Friday, December 29, 2006

President Ford's Tree


We’ve heard about President Ford’s integrity. His stellar athletic career has been discussed, his Congressional record, and the fact that he served as President and Vice-President without having one single American vote him into office.

We’ve heard numerous discussions regarding his pardon of President Nixon and debated if President Ford made the correct decision. The effect the pardon had on Ford’s subsequent election loss to President Carter has been discussed ad nauseum.

I’ve neither heard nor read anything within the last few days that discuss an event that is known, but is rarely dealt with in the realm of historical “Monday morning quarterbacking”. I’m a little mystified by it. For a couple of days during August, 1976 our nation stood toe-to-toe with an enemy who had attacked two of our soldiers without provocation resulting in President Ford staring down the gunbarrel of World War III erupting in his face, and it was all over a tree.
The story should really begin with a little background. Technically the Korean War has never ended. While there was an armistice agreement in 1953, a formal peace treaty was never signed. The demilitarized zone or DMZ is, according to a 2003 report by CNN, the most heavily fortified border in the world. Troops including members of the North Korean army have been facing down members of the South Korean armies, U.S. soldiers and other members of the United Nations forces for fifty-six years.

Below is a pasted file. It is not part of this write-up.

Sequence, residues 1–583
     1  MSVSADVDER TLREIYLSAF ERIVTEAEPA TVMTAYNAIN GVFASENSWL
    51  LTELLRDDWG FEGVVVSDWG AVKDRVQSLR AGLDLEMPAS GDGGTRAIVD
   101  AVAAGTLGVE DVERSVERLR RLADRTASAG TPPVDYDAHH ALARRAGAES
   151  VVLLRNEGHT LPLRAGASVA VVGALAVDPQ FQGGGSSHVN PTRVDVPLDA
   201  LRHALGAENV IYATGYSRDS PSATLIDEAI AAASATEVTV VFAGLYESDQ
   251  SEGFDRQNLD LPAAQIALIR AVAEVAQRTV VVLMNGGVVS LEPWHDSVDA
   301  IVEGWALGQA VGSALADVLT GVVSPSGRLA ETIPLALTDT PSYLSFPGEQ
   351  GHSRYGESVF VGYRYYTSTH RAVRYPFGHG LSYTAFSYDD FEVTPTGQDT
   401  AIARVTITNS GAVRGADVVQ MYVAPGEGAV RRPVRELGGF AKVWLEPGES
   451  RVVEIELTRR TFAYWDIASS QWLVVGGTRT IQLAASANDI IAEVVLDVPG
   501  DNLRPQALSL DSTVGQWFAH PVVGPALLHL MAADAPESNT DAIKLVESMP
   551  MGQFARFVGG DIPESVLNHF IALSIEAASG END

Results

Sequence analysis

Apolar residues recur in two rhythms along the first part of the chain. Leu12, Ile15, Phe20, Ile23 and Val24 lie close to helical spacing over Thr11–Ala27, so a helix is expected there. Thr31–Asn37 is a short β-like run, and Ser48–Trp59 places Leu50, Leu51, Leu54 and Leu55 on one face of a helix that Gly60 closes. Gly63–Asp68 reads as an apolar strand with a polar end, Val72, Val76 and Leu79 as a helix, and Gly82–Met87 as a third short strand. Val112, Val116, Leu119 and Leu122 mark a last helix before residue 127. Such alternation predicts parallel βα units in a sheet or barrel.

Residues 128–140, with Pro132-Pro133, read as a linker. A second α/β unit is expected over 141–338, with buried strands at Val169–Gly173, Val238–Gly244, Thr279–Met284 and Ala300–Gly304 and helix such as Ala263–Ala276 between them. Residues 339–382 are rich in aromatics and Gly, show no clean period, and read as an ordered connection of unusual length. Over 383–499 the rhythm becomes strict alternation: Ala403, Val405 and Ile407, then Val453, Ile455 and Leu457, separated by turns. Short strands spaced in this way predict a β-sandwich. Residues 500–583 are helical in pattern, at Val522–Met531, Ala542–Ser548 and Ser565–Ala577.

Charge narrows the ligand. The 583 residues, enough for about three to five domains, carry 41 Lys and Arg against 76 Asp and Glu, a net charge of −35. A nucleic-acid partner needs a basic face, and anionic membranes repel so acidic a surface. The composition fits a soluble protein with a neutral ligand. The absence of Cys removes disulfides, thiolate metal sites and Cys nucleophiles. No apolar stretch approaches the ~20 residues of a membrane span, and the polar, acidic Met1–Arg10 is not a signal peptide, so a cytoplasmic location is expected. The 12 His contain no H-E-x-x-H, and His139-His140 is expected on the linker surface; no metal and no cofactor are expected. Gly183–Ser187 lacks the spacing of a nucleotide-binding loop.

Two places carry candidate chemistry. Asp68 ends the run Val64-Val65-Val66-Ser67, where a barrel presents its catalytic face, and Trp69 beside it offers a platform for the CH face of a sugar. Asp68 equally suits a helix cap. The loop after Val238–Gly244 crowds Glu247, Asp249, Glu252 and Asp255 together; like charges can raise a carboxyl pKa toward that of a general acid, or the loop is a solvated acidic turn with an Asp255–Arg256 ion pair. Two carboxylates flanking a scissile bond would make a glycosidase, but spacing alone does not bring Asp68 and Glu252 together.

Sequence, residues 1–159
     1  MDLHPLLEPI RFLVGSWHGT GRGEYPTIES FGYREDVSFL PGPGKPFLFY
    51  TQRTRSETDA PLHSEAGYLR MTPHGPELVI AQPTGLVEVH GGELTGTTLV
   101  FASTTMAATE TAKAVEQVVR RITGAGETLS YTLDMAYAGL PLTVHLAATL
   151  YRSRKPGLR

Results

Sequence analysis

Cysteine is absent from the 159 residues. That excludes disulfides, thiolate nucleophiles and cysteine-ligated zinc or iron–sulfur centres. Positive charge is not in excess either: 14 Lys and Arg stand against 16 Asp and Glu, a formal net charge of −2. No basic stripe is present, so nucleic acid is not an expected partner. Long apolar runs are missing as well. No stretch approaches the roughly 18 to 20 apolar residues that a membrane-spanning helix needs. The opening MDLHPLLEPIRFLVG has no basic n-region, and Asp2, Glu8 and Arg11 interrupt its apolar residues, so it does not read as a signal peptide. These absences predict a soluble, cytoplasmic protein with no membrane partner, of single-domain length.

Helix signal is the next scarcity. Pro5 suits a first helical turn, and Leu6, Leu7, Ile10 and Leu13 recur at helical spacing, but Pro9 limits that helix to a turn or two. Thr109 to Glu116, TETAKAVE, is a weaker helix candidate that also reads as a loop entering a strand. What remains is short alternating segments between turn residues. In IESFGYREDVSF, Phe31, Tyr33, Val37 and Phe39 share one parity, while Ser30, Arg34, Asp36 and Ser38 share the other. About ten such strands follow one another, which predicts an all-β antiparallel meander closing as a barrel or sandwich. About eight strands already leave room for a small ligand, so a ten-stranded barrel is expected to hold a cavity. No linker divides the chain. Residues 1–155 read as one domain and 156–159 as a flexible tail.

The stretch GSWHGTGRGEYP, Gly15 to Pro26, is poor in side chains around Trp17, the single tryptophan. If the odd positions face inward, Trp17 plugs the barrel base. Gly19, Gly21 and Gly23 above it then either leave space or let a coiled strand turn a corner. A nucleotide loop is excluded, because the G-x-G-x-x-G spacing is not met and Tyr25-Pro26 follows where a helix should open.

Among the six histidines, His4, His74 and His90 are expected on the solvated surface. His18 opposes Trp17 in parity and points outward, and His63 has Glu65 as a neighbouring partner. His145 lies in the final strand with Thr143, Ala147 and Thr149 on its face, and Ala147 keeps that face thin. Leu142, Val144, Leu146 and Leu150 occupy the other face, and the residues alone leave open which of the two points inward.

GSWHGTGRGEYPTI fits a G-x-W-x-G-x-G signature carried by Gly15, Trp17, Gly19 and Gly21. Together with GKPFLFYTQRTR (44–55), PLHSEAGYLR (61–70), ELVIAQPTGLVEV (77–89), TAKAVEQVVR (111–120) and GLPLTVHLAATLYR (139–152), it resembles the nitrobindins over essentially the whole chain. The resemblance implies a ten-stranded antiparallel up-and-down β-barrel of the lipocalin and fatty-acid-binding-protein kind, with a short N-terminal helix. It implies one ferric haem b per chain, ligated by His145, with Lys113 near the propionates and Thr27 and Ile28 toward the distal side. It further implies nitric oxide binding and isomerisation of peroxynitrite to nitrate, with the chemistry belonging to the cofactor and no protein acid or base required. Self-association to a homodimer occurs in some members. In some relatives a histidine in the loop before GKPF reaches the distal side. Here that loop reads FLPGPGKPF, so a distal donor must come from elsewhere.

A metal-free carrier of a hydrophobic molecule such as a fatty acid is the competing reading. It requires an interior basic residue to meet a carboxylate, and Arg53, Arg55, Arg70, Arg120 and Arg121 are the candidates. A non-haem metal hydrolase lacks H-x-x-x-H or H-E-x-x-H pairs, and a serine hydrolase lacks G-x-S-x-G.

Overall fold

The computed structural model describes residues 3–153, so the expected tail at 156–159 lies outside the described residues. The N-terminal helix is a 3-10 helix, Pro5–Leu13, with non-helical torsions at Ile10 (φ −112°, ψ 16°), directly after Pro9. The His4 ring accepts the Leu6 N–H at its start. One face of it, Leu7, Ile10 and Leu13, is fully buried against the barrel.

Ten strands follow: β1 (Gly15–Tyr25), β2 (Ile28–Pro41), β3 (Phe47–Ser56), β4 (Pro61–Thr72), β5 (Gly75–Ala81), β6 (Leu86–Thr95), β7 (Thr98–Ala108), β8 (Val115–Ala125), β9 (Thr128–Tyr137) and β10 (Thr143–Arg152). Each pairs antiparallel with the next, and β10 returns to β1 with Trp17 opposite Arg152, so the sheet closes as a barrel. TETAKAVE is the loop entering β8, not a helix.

Since the Armistice was signed there have been numerous punches and jabs by both sides. By 1976, members of the Korean Peoples Army had made numerous attempts to grab United Nations command personnel in order to kidnap them. In his online article titled The Forgotten DMZ, Vandon E. Jenerette recounts some of the situations that arose during the 1960s.
In complete contrast to the eminent danger the DMZ area poses it is one of the most unplanned protected natural environments in the world. No humans can be found along the 155 mile long DMZ, but plenty of rare plants and animals are abundant.

Americans that serve along the DMZ are assigned to the United Nations Command Security Force in the Joint Security Area. In fact, the Joint Security Area, or the JSA, is the only place in the DMZ where the two sides meet up, hence the name Joint Security Area. One famous landmark in this area is the Bridge of No Return, so named because once South Koreans crossed the bridge during the early days of the armistice they would not be able to return. In the 1970s it was common for troops from either side to actually enter the DMZ zone, however, they were not allowed to carry any type of gun.